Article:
Bondgate IT issues security warning as hackers continue to exploit coronavirus pandemic
Bondgate IT is advising those businesses and organisations that have switched to remote working to ensure they have effective security measures in place - as the number of coronavirus-related cyberattacks continues to rise.
The Darlington-based company has seen a huge increase in enquires from companies concerning IT security during the past two months as thousands of employees across the North East abandoned the office to begin working from home.
Security researchers estimate there has been a 600% increase worldwide in the number of phishing emails exploiting the current pandemic, while the UK’s National Cyber Security Centre (NCSC) said that earlier this month the public had flagged up 160,000 suspicious emails in one 14 day period.
NCSC also highlighted a survey of 2,000 SME employees working from home which found just nine per cent had checked whether their antivirus software had been updated, 18% were working from unprotected devices and just 26% had access to IT support from their employer.
Many of the phishing emails appear to be from reputable sources inviting the recipient to open malicious attachments or links which allow cyber criminals to plant malware or spyware.
With many employees using personal devices to work from home, there is a heightened risk of criminals harvesting sensitive business data. There have been several well-publicised examples of scam emails purporting to offer information on infection rates, health advice or issues such as tax rebates.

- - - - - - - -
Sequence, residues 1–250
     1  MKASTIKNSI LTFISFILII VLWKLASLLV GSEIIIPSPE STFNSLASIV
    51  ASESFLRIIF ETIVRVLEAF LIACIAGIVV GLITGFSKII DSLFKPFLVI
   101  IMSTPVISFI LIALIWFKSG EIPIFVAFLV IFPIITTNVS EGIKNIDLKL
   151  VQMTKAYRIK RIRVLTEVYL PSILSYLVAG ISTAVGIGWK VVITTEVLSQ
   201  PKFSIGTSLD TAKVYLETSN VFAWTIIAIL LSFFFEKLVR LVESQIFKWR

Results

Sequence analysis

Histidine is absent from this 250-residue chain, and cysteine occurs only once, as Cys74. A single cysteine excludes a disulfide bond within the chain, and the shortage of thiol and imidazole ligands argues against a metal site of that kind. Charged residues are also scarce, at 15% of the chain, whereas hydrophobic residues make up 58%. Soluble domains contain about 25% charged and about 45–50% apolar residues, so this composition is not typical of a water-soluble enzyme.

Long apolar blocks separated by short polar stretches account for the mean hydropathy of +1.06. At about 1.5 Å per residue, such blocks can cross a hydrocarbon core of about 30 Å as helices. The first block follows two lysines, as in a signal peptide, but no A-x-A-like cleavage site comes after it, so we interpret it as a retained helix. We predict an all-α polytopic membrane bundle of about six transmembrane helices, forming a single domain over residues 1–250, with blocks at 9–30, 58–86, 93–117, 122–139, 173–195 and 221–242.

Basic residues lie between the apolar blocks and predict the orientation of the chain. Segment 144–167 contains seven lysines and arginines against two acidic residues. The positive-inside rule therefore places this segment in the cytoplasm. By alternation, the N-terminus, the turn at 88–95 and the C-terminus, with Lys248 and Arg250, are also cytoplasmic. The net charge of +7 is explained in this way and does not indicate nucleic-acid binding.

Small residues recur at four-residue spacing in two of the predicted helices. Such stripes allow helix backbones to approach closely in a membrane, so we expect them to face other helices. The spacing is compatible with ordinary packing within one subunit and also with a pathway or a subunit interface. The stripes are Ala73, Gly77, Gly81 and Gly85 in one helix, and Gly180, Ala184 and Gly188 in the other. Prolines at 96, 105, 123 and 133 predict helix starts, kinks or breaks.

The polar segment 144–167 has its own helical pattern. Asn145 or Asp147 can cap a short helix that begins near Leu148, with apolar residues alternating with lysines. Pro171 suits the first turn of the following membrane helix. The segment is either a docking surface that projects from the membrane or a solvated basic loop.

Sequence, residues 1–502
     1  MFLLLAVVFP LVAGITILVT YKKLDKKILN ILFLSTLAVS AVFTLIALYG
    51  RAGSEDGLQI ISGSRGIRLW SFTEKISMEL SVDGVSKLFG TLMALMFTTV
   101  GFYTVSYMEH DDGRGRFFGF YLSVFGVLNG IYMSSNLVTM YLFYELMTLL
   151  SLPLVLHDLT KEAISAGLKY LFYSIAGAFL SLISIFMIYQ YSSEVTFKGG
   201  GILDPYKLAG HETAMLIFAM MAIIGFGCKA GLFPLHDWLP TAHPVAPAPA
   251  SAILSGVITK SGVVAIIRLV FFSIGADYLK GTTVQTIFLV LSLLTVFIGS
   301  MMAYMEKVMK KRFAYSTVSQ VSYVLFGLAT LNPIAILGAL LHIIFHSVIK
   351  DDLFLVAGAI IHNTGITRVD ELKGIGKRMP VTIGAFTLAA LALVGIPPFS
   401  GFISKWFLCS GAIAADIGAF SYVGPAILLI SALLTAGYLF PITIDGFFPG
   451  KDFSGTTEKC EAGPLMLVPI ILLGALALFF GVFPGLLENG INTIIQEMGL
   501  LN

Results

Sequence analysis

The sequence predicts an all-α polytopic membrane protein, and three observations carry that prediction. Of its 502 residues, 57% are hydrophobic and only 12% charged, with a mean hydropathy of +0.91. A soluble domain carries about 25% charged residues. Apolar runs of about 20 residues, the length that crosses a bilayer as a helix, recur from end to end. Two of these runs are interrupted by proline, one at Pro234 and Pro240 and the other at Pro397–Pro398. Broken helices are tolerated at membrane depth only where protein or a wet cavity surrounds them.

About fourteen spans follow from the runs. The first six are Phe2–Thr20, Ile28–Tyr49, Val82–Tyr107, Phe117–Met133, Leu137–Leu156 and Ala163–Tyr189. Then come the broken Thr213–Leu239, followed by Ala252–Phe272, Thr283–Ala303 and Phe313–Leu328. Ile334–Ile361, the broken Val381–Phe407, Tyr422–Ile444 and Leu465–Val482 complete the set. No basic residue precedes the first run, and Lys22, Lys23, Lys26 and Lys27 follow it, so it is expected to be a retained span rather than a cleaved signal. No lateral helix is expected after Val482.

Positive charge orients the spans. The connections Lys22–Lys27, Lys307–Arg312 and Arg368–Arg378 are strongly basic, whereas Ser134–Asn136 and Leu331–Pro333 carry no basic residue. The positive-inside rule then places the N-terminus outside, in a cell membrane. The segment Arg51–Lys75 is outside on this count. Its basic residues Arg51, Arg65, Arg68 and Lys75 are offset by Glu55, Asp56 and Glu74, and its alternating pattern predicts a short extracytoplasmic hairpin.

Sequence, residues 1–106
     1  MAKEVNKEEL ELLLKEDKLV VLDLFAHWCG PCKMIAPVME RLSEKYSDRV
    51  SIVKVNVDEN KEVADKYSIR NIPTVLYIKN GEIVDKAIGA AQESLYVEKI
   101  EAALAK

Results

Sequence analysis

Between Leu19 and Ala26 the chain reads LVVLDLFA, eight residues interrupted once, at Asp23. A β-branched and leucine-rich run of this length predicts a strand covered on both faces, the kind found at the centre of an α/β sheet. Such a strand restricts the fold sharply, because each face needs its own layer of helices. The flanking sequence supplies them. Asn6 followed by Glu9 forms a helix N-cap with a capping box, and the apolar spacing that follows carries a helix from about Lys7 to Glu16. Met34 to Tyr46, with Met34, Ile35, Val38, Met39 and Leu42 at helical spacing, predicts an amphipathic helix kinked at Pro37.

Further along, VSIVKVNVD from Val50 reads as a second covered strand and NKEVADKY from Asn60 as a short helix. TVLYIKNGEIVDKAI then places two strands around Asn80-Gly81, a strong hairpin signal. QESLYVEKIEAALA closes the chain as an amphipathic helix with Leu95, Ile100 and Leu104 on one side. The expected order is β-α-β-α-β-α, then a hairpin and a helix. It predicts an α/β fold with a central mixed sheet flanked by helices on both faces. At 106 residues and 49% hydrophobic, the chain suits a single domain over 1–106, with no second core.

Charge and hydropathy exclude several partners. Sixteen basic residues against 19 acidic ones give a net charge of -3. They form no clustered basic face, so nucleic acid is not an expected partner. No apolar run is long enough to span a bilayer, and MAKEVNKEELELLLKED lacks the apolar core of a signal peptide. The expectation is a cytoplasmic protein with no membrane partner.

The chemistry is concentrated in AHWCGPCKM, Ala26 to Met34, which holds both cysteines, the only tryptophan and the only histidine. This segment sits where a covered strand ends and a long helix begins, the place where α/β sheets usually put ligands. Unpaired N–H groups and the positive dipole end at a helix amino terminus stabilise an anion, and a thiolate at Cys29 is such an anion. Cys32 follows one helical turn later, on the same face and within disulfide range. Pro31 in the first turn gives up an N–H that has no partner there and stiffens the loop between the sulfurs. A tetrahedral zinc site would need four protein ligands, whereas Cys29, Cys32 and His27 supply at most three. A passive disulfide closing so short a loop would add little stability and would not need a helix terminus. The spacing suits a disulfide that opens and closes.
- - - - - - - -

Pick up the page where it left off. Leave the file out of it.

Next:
Garry Brown, managing director of Bondgate IT, said: “In the lead-up to the lockdown many businesses were focused on the task of ensuring their staff had the correct technology and training to allow them to work from home and security was not always an immediate priority.
“With many using the same device for both work and socialising - while operating outside their company’s normal security protections - there is a real risk that such malicious attacks will succeed – putting a business at extreme risk.
“The COVID-19 pandemic has presented a perfect opportunity for hackers to gain access to computer systems as people work in isolation.”
Businesses, organisations, and individuals can take several simple steps to improve their cyber security by updating antivirus software, securing its networks and cloud services, updating all software and apps, investing in email security solutions, ensuring staff use a password management tool, and enforcing multi-factor authentication for business applications.
The same precautions should take place on all individual devices including laptops, desktops, tablets, and smartphones.
He added: “Businesses must take security seriously, and focus on enhancing their levels of protection rather than responding only once a breach has occurred.”